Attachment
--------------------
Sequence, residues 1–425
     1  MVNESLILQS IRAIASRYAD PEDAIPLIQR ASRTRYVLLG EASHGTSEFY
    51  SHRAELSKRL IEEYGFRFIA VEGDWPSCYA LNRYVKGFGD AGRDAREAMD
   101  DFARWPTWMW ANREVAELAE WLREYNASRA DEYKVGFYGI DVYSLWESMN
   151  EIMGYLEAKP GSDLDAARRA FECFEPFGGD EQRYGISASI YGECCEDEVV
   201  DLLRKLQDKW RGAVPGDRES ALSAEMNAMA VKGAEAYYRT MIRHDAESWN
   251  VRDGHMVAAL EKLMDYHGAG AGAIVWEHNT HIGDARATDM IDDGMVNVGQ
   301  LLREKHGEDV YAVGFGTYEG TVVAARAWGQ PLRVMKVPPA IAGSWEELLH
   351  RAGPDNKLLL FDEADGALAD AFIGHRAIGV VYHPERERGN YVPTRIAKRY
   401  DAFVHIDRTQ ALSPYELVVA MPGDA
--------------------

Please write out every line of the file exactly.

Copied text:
Sequence, residues 1–425
     1  MVNESLILQS IRAIASRYAD PEDAIPLIQR ASRTRYVLLG EASHGTSEFY
    51  SHRAELSKRL IEEYGFRFIA VEGDWPSCYA LNRYVKGFGD AGRDAREAMD
   101  DFARWPTWMW ANREVAELAE WLREYNASRA DEYKVGFYGI DVYSLWESMN
   151  EIMGYLEAKP GSDLDAARRA FECFEPFGGD EQRYGISASI YGECCEDEVV
   201  DLLRKLQDKW RGAVPGDRES ALSAEMNAMA VKGAEAYYRT MIRHDAESWN
   251  VRDGHMVAAL EKLMDYHGAG AGAIVWEHNT HIGDARATDM IDDGMVNVGQ
   301  LLREKHGEDV YAVGFGTYEG TVVAARAWGQ PLRVMKVPPA IAGSWEELLH
   351  RAGPDNKLLL FDEADGALAD AFIGHRAIGV VYHPERERGN YVPTRIAKRY
   401  DAFVHIDRTQ ALSPYELVVA MPGDA